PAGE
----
The contest was looking for concepts to help people with depression and anxiety disorders and was hosted by Scientists Without Borders, a program of the New York Academy of Sciences, in collaboration with Johnson & Johnson.
Nearly three-quarters of the global cases of mental health disorders occur in low to middle income countries, and the problems are aggravated by such challenges as lack of awareness and education and stigma from communities and individuals. It is clear that solutions are needed and the open innovation contest is one way to meet the problems head on.
The winners were Veena S. Katikineni, a medical student in the US and Alejandra Leyton, a Bolivian health economist. Together they worked on a concept called “Mhealth for Mental Health”.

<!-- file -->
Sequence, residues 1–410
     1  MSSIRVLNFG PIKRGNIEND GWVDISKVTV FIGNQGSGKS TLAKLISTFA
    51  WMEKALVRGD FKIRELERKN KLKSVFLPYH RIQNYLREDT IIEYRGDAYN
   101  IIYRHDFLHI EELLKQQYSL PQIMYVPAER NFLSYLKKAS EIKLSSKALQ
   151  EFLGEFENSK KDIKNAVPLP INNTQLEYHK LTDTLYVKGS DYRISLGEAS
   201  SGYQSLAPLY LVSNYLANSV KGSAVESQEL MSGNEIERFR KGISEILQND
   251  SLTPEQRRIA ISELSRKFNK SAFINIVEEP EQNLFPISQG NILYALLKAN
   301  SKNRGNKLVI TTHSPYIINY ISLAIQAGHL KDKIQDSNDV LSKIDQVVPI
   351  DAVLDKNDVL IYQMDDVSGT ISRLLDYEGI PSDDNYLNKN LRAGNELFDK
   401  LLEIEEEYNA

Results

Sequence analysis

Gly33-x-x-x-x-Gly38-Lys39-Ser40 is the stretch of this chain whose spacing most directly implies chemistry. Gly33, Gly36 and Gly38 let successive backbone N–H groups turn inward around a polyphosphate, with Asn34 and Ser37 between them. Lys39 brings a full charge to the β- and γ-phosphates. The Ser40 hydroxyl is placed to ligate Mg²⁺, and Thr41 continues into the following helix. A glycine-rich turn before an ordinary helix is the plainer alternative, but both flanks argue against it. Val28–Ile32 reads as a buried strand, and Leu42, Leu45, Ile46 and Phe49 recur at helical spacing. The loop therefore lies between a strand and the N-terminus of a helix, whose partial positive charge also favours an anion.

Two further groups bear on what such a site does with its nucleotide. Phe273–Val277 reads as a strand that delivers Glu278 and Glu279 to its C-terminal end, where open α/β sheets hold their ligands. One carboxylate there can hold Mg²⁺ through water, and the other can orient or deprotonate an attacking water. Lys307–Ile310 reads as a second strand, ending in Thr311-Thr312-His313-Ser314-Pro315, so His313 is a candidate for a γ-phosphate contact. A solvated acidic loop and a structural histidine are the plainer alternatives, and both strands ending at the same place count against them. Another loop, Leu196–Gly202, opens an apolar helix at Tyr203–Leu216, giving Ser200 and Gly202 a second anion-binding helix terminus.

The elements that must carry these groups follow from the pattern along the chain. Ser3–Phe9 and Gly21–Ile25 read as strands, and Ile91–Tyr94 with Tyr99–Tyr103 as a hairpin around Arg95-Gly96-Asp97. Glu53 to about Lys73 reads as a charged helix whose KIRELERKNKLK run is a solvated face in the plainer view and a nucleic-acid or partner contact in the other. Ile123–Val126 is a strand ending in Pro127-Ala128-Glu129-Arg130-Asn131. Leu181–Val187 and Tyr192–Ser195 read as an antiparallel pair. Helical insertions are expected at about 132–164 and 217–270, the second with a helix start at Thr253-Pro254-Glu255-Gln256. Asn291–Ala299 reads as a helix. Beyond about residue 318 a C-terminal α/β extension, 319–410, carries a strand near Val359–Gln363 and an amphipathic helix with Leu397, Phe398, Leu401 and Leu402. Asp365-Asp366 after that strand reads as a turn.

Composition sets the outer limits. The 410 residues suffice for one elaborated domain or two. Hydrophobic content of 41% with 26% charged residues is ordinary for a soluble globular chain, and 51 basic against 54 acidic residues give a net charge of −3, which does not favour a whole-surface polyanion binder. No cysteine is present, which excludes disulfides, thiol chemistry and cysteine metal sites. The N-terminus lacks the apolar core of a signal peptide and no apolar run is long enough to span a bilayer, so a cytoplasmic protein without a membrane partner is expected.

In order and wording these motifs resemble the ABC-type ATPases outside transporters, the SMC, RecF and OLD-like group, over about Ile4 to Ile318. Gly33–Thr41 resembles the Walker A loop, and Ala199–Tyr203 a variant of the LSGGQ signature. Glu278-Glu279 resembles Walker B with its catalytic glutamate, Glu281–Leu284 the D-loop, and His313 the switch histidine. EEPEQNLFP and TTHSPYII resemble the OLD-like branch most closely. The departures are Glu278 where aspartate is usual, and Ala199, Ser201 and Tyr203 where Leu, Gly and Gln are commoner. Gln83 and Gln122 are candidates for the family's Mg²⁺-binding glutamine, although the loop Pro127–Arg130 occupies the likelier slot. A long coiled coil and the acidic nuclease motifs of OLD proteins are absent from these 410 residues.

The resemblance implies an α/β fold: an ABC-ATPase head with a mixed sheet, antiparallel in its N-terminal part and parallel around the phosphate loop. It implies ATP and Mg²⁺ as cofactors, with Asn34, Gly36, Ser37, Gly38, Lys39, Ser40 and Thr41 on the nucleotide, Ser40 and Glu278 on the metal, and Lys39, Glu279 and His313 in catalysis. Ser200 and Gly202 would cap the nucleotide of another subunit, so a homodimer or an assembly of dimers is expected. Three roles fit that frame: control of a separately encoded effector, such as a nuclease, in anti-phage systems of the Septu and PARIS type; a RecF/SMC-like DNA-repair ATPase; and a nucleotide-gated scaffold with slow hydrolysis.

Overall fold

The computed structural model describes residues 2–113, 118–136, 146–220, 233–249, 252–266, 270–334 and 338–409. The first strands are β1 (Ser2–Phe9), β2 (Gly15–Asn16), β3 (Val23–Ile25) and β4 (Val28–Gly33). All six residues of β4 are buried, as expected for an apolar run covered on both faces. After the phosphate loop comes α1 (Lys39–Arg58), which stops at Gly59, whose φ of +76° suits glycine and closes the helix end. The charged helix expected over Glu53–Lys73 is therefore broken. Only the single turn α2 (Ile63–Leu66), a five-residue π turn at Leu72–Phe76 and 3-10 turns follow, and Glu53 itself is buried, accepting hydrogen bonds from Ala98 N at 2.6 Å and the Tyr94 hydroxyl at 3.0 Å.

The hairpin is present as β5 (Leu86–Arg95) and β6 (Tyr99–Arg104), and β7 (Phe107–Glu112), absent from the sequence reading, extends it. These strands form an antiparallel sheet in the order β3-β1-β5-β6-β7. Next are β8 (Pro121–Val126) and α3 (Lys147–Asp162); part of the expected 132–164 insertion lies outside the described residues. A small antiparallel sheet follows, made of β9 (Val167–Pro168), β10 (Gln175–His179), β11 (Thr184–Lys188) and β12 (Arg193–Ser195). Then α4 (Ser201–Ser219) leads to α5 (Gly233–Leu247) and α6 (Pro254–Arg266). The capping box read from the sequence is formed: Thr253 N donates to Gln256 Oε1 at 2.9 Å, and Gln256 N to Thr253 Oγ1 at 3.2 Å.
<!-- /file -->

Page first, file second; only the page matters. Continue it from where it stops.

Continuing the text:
Their proposed service uses SMS text messaging to supply relevant information to the the depressed person and their family, friends and carers. The underlying premise that guided the development of this winning innovation is that information coupled with strong emotional support will encourage patients to seek help.
In keeping with the spirit of open innovation the winning concept is available on the Scientists Without Borders website to encourage uptake.
“We drew lessons from our own experiences both in the developing and developed world to consider the barriers to dealing with any kind of personal problem and securing continued social support,” noted Veena Katikineni and Alejandra Leyton in a press release to accompany their win.
“With these ideas, we formed a vision of the ideal discrete support mechanism, and then explored the literature to best apply this vision to the issues of depression and anxiety.”